Recycling Lithium Batteries and Adding Seeds and Pine Resin – Better than Mining?

Dean Sigler Electric Powerplants, Sustainable Aviation Leave a Comment

Recycling is good.  Those empty beverage cans we turn in at the supermarket come back to us, newly reformed and filled with our favorite drinks – all at about 1/10th the energy cost of making the cans from fresh bauxite and generating all the electricity necessary for new aluminum stock.  Besides, aluminum ore is a limited resource, and finding and mining fresh supplies is ever harder and more expensive.

Lithium is an even more severe problem.  Used rechargeable batteries other scarce minerals such as cobalt, manganese and lithium-based electrolytes.  Most of the world’s supply of lithium seems to be in places not necessarily allied with U. S. interests.  Battery University says 70-percent of the world’s supply is in Bolivia, Argentina, Chile, Australia and China. Bolivia’s salt flats are in a mostly inaccessible area and would require building of major roads and extraction facilities.  Unfortunately that country is not on good terms with the United States.   China will want to protect its own drive to build electric vehicles for the world market.  America has limited supplies in Nevada, which are of great interest to Tesla motors, which will build its “gigafactory” in that state.

Potential lithium mine site in King Valley, Nevada

Potential lithium mine site in Kings Valley, Nevada

Possibly with anticipated demands from Tesla and the growing portable electronic market, Western Lithium is beginning production at the first of several planned projects, costing up to $300 million in mining and plant operations.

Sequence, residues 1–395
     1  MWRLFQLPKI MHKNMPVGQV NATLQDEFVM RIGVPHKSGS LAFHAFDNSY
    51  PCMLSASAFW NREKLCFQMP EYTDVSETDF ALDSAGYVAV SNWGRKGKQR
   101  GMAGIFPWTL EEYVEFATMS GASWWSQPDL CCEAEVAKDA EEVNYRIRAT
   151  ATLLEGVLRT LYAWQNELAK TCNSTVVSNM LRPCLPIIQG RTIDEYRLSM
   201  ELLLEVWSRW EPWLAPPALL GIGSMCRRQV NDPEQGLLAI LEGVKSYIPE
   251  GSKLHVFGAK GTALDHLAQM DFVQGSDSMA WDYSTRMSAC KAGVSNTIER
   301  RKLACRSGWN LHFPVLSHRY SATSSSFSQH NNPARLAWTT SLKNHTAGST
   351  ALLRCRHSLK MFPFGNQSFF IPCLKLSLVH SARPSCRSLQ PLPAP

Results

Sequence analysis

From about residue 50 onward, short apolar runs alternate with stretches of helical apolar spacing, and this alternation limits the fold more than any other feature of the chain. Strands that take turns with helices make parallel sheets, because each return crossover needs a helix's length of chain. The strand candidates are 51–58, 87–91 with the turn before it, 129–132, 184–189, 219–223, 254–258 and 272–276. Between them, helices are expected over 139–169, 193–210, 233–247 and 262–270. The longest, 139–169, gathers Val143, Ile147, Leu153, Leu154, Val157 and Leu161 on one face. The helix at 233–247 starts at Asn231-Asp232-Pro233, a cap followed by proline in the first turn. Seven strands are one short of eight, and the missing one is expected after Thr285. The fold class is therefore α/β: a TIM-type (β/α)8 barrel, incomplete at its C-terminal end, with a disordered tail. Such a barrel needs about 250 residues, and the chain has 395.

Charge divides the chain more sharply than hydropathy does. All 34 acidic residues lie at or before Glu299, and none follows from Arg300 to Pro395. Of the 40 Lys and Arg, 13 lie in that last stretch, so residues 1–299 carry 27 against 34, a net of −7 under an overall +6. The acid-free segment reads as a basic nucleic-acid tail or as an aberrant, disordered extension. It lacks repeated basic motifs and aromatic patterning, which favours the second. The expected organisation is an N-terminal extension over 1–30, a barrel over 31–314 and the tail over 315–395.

Between 2000 and 2010, lithium prices shot up tenfold “before stabilizing at $6,000 per ton in recent years,” according to the U. S.-based Lithium Exploration Group.   Western Lithium is counting on that increasing demand to justify its planned production of “up to 26,000 tons per year of lithium carbonate equivalent (LCE).”  The company claims this level of production will meet lithium demand for between 500,000 t over 1 million electric cars, depending on battery sizes.

Uppsala's battery can come from recycled and organic materials, then be recycled itself

Uppsala’s battery can come from recycled and organic materials, then be recycled itself

With the ongoing threat that lithium supplies may wither through geopolitical friction, recycling may be as good for batteries as it is for beer cans.  Researchers at Uppsala University’s Ångström Laboratory in Sweden have created a type of battery that uses remainders from lithium cells that have run their course, and combined those with organic ingredients including pine resin and alfalfa.  According to the university, “The scientists have shown that the lithium extracted from a spent battery can be used for a new battery: all that needs to be added is more biomaterial. Their battery proved capable of delivering as much as 99% of the energy output from the first. With future modifications, this figure can very probably become even higher, say the researchers.”

Even the recycled battery can be recycled; much like a beverage can, “with a low energy input and non-hazardous chemicals, such as ethanol and water.”

Uppsala reports, “’We think our discovery can open several doors to more environment-friendly, energy-efficient solutions for the batteries of the future,’ says Daniel Brandell, Senior Lecturer at the Department of Chemistry, Uppsala University, one of the researchers behind the idea.”

Brandell, Professor Kristina Edström, who heads battery research at Uppsala University, and researcher Stéven Renault have published their findings, “Environmentally-Friendly Lithium Recycling From a Spent Organic Li-Ion Battery,” in the scientific journal ChemSusChem.

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